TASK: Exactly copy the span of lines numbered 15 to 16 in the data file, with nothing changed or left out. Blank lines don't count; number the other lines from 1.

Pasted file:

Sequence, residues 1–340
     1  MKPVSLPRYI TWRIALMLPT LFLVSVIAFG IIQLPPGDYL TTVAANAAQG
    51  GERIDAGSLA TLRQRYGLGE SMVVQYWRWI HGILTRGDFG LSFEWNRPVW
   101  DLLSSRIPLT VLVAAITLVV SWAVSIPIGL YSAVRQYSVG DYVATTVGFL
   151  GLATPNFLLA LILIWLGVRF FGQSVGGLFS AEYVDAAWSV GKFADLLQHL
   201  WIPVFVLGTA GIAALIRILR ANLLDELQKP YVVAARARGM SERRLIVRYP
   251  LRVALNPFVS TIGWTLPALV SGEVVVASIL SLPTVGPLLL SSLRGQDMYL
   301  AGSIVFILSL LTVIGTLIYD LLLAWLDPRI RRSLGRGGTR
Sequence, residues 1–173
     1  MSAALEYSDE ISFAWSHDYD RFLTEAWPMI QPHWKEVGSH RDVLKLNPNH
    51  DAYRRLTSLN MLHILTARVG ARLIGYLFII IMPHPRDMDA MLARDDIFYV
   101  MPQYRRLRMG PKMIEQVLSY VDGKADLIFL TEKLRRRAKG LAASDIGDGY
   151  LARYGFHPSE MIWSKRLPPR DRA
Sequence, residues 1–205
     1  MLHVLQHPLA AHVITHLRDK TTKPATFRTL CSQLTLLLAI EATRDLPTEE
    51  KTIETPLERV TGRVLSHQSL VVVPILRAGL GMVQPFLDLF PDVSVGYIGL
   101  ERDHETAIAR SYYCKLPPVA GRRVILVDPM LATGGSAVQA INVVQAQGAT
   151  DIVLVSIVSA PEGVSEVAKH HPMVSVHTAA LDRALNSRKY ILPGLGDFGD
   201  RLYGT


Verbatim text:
     1  MLHVLQHPLA AHVITHLRDK TTKPATFRTL CSQLTLLLAI EATRDLPTEE
    51  KTIETPLERV TGRVLSHQSL VVVPILRAGL GMVQPFLDLF PDVSVGYIGL